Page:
Tetbury is a busy small market town with a splendid market hall standing in stilts and a range of Elizabethan and Jacobean buildings. It serves the local area and has a good range of shops including butcher and two bakers.
Tetbury’s prosperity is due to William de Braose, Lord of the Manor. Around 1200, he relinquished many of his feudal rights and granted Tetbury merchants the right to govern themselves in exchange for yearly ‘burgages’ (rent). Merchants now had the incentive to become involved in commerce and the growth of the town.
In 1623, the Berkeleys, then Lords of the Manor, offered leasehold tenants the right to purchase their houses. This enabled the Burgesses to establish a system of local government that granted them an unheard of level of independence. This structure of local government was headed by seven 'Feoffess', influential townsfolk who ruled Tetbury for over 250 years, until reformations of local government in the 20th century. Even today the Feoffees are responsible for maintenance of the Market Hall and several areas of local parkland.
The church is set on a mound to the south of the market place, shielded by trees. The churchyard is kept as a wild flower area with an information board with pictures of the flowers seen during the year. In early April there were lots of primroses, daisies and lesser celandine.
This is thought to have been the site of a Saxon monastery. A new church was built in 1160 with tower and spire added in the 14thC. At 186’, it is fourth highest in England. The church was badly damaged by a storm in the 17thC and fell into a state of disrepair. An Act of Parliament allowed the church to be demolished and new church built keeping the tower and steeple. Later, the tower began to list so was taken down and rebuilt using the same stones in 1891. The church is regarded as one of triumphs of Early Gothic Revival architecture.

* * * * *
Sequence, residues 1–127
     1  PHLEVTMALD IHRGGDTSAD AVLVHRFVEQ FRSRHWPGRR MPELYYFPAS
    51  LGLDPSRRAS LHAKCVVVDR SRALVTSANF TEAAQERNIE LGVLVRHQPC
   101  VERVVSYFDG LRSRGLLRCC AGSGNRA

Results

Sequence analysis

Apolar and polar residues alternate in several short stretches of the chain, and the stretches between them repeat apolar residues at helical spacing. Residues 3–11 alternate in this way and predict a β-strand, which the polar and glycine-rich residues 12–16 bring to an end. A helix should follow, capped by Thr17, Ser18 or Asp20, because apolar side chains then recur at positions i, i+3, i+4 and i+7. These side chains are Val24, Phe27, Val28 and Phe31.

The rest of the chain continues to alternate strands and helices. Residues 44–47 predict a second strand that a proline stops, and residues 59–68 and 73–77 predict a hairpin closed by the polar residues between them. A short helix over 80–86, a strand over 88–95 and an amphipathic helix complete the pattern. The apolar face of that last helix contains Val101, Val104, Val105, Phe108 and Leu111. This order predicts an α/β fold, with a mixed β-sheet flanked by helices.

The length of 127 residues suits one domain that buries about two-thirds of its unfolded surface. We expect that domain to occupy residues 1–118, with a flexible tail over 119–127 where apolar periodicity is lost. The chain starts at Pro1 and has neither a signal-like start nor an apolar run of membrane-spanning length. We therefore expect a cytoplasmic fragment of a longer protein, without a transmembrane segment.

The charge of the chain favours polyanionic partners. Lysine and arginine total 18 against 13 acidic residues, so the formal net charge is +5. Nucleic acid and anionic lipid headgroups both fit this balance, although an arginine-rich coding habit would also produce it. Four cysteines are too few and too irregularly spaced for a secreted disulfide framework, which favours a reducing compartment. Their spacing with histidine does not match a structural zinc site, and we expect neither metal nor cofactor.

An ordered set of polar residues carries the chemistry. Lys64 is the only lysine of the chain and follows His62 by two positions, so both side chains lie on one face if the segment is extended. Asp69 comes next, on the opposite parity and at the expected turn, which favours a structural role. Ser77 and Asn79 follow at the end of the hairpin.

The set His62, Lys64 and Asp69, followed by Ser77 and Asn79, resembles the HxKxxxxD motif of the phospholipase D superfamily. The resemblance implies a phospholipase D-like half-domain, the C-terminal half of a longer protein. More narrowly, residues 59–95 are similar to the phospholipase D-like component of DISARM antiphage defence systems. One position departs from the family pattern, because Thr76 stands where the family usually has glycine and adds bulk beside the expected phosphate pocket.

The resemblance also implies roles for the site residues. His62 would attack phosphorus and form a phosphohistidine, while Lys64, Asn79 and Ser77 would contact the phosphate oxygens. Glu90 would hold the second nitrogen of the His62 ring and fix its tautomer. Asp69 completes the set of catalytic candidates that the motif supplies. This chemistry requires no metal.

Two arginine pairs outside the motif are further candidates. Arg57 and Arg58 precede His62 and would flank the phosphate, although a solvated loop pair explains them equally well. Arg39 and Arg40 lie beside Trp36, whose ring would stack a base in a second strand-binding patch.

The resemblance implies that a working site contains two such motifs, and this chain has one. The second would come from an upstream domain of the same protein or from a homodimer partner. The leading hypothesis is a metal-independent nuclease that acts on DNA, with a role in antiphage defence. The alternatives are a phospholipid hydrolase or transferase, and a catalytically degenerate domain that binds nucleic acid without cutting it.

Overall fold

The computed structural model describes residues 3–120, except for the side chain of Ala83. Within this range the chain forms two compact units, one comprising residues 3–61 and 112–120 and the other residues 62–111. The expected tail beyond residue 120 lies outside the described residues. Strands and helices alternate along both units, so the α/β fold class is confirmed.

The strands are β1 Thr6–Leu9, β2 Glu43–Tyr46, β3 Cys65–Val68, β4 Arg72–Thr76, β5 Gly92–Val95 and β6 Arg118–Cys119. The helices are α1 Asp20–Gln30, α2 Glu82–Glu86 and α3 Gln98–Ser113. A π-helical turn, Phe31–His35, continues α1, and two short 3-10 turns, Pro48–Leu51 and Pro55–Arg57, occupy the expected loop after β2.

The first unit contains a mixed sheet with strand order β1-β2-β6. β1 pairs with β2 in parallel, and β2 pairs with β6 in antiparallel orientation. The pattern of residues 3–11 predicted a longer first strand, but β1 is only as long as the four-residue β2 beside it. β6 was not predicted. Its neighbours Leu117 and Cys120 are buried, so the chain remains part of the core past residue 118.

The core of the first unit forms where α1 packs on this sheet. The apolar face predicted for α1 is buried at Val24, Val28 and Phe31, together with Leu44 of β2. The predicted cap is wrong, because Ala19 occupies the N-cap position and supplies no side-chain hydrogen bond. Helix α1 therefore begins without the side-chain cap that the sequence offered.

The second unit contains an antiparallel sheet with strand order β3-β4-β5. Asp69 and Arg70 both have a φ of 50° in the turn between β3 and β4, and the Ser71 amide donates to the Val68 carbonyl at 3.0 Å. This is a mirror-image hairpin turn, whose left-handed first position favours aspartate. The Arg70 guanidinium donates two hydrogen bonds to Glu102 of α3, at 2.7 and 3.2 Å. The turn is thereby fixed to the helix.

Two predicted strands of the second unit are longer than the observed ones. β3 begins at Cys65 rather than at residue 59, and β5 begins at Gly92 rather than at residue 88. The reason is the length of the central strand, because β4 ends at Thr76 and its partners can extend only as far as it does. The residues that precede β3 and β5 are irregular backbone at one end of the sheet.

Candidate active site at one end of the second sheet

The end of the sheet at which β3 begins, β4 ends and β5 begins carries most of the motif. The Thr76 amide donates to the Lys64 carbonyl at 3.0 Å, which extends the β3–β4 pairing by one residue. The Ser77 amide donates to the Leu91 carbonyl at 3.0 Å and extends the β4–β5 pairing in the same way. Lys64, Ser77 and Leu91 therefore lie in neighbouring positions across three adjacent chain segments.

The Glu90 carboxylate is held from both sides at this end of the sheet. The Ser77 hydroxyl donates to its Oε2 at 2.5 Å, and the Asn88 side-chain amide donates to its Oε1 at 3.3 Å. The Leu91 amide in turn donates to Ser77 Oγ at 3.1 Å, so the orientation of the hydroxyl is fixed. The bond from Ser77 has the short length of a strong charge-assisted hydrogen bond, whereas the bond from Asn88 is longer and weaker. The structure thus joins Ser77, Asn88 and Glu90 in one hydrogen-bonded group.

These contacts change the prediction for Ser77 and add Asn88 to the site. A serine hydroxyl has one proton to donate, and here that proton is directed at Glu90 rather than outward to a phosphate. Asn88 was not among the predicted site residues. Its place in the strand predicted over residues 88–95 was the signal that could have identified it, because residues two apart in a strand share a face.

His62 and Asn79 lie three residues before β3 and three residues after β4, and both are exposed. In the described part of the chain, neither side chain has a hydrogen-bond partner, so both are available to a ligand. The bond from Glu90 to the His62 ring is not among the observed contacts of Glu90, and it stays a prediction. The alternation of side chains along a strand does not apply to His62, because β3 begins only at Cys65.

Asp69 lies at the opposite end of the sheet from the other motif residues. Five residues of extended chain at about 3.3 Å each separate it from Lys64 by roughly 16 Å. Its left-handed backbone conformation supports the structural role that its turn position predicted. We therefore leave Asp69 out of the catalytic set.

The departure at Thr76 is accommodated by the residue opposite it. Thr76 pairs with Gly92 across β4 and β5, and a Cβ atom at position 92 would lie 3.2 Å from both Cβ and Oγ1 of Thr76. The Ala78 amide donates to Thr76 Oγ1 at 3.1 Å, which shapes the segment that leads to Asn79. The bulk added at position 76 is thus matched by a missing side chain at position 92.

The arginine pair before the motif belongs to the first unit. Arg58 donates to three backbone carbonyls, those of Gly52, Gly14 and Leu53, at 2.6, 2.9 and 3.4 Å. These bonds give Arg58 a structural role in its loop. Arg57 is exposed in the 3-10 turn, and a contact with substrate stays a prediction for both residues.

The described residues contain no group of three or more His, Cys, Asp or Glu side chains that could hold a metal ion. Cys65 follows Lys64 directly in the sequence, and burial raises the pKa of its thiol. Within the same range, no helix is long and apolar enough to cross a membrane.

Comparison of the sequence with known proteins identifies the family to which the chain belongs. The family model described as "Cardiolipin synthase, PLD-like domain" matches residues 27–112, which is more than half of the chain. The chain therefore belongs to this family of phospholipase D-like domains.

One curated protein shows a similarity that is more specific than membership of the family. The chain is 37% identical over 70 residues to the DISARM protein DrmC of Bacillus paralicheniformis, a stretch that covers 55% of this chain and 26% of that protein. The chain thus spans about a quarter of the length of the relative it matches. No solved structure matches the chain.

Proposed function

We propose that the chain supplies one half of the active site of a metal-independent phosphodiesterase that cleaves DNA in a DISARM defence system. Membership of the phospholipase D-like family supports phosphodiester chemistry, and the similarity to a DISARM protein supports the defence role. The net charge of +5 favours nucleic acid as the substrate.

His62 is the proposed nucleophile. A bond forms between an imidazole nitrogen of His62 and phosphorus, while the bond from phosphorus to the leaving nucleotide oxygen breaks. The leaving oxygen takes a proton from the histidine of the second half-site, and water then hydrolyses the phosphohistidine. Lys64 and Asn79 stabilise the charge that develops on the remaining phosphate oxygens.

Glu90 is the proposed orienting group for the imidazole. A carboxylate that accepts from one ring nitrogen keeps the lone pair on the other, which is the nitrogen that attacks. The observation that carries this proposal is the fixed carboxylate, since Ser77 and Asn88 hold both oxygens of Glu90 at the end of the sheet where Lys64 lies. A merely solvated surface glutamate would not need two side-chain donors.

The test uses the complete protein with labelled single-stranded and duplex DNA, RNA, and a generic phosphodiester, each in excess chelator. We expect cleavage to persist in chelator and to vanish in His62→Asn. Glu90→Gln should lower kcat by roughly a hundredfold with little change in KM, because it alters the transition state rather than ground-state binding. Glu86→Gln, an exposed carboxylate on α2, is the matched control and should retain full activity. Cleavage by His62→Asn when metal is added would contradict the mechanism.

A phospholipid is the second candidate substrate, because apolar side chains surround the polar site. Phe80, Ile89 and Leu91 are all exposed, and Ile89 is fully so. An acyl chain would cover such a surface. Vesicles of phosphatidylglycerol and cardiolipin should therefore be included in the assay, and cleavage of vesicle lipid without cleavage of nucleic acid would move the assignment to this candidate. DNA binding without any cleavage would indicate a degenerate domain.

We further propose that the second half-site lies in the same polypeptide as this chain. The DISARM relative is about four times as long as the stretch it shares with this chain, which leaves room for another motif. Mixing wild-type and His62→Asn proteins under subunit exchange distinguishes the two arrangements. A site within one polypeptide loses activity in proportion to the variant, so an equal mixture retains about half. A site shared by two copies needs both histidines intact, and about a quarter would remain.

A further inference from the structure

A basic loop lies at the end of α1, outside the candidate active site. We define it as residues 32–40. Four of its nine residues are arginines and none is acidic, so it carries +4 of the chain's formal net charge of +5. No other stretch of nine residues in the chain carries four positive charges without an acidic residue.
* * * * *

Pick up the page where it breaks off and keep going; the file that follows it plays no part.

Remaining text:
The church is big and it is almost impossible to get a photograph of it all. The tower is a solid buttressed and battlemented square with pointed pinnacles at the corners. Above towers the very tall and elegant spire. The nave and chancel are very tall with huge clerestory windows, battlemented top and lots of crocketed pinnacles. Round the base are very low side aisles.
There is ramped access through the west door into a narthex below the tower. This has a modern mural of the Annunciation. We assume the parishioners are happy with it. To us it looked like a high energy modern advert. We didn’t like it. Simon Jenkins in his “England’s Thousand Best Churches” doesn’t either…
Inside the overwhelming impression is of light and height. The church is unusual as the side aisles form an ambulatory round the nave with doors off into a series of rooms. One of the rooms has a small Heritage Historical Exhibition, overing the history of Tetbury.
The church has been restored back to it’s original Georgian plan and is an uplifting building. The tall and very slender pillars soar up to the vaulted ceiling. The dark wood pews run across the pillars. A dark wood gallery runs round three sides of the nave also supported on narrow pillars. The organ now occupies the western gallery. On either side of it are large wall memorial slabs. On either side of the west door are boards with the Ten Commandments.
Hanging from the centre of the nave ceiling is a huge candalabra, made about 1781. The candles are lit for the great church festivals and for weddings.
Hanging at the end of the south aisle is a 17thC copy of Raphael’s “The Holy Family”. Above it is a large wooden cross.
The choir is empty apart from a few modern chairs. An altar rail encloses a small sanctuary. The altar front has tall thin arches painted in yellow, blue and red. On either side are very tall floor standing candlesticks. Behind is a tall backed celebrant’s chair. The east window contains 19thC stained glass of the Last Supper.
Don’t miss the very modern lectern/pulpit which appeared in 1992/3 and is based on a forged boiler plate.. The church guide explains it is ‘intended to reflect the clear simple lines of the nave and chancel’. It is certainly different and definitely minimalist.
There is a small shop at the back of the church selling books, cards, tea towels, tea spoons etc.
This is a most attractive church. Stunning simplicity is probably the best description. It spoke in a way many of the grand 15thC Perpendicular wool churches didn’t. Unlike nearby Lechlade, this is a worthy contender for the title of one of the “six finest churches in Gloucestershire”.
The church is open 9-5 every day. There is some on street parking near the church otherwise, there is a short term pay and display car park near the market place.